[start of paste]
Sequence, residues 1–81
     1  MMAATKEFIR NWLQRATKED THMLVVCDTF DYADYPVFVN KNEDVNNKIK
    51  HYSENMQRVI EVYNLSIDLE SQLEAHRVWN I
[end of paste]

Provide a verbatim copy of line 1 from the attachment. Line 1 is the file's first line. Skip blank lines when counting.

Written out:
Sequence, residues 1–81